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3 Benefits of Taking Risks
Successful people take risks in order to push past obstacles. Risks can expose you to a degree of physical, financial, or emotional danger, yet they may be required in order to pursue new opportunities. The benefits of taking calculated risks can include:
- Increased self-confidence: Emotionally risky activities, like public speaking, can lead to positive outcomes where you gain new confidence in your own abilities.
- New skills: By going outside your comfort zone in sports, the arts, or academics, you can improve your abilities. This also leads to a self-confidence boost.
- Financial rewards: Investing requires calculated risk. Pursuing a new job or a better work-life balance also involves a level of risk for most businesspeople. Building your own business from scratch hinges on many huge risks.
5 Tips for Taking Better Risks
If you know you would benefit from taking more smart risks but find yourself paralyzed by apathy or negative thoughts, there are several tips to help you take on the kind of risks that can genuinely improve your life.
- Develop a system for assessing risk. The first place to start when weighing a big risk is to write out a list of all the pros and cons. By looking at positive and negative outcomes side-by-side, you can assess whether a risk is worth taking.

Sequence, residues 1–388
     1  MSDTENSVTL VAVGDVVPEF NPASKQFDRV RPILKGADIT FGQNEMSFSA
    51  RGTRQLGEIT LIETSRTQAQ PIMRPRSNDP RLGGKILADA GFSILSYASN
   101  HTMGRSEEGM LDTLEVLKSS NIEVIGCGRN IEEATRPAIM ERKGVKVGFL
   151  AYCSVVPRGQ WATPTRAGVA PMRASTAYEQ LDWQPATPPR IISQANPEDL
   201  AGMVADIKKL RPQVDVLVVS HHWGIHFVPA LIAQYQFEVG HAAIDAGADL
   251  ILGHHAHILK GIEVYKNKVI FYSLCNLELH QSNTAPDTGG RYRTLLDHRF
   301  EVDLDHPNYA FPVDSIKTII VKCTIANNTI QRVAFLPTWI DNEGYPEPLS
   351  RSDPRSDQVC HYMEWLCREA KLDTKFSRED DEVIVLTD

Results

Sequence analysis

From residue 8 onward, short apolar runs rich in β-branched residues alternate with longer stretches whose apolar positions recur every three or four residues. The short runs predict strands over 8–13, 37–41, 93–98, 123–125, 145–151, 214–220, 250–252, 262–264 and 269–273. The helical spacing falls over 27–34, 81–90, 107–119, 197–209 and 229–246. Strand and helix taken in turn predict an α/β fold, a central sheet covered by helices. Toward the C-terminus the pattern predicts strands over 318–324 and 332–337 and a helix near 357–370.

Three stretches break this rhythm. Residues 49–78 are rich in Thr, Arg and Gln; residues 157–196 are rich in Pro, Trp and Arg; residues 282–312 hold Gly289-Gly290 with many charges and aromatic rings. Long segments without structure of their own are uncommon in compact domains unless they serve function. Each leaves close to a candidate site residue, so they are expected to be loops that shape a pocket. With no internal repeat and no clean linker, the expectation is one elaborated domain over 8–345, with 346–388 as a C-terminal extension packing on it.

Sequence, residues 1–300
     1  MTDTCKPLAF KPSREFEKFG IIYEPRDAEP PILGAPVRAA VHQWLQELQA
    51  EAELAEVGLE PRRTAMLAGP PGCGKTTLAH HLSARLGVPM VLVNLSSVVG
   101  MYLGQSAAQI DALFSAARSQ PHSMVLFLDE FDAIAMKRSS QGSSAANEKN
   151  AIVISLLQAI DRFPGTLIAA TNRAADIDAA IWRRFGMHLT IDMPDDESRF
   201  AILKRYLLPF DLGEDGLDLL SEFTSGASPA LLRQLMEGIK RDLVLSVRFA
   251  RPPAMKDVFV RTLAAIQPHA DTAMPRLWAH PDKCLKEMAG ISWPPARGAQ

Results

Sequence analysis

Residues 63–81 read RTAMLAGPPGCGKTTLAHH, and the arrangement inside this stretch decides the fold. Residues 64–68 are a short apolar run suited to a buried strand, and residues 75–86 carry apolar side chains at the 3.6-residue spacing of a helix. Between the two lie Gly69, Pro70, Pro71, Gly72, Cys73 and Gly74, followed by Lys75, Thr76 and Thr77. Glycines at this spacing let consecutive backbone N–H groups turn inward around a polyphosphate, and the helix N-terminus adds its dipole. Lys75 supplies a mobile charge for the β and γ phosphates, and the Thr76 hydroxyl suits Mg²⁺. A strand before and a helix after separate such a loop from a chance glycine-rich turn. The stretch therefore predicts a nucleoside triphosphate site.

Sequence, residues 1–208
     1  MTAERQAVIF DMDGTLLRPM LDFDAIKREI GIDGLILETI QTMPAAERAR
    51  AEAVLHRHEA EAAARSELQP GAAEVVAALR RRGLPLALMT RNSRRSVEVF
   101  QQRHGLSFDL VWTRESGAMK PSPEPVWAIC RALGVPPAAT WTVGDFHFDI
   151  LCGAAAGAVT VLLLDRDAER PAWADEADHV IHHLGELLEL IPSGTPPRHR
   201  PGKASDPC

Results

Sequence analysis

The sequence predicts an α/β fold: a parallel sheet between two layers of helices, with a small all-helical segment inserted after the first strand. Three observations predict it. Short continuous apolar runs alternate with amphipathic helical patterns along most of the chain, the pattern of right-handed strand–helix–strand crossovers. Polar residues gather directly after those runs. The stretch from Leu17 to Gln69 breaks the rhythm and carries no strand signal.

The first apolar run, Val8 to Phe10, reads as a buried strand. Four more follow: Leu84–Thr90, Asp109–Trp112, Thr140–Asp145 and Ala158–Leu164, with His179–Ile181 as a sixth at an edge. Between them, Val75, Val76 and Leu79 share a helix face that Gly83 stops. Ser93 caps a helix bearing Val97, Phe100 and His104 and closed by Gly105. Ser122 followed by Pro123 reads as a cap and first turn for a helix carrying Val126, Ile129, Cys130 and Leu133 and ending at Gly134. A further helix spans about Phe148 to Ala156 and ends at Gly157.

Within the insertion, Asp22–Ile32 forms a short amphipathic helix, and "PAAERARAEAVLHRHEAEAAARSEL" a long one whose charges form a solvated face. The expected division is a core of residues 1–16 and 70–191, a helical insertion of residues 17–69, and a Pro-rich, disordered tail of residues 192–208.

- Move past the fear of failure. Obsessing over a worst-case scenario can cause you to forego the risk that could take your life or career to the next level. If you can let go of anxiety and focus on the potential positive outcomes of risk, you may unleash your inner risk-taker.
- Think about the upside of change. The idea of change can be scary, and risk-taking involves unknown levels of change. Rather than focus on all the potential negative outcomes, think about why you're considering changing your present situation. For example, if you’re having trouble finding a good job and meaningful relationships in your current town, consider what life might be like in a new city. If a move could facilitate a better life, it might be worth the risk.
- Find ways to take on incremental risk. The first time you dive into a new endeavor, you may not want to put too much on the line. Instead of taking the biggest risk possible, think about small steps that can get you on the same path. Instead of quitting your job to start your own business, consider launching that business as a side hustle. Once it's up and running, perhaps you'll feel confident about taking it on as a full-time job.
- Seek out advice from calculated risk-takers. You may know people in your daily life who overcame their own fear of risk to try something a bit scary. Maybe they started a new business. Maybe they found a way to make new friends in a new city. Seek them out and find out how they challenged their own risk tolerance. You can also enlist the professional services of an executive coach who can help risk-averse businesspeople find smart ways to take calculated risks.
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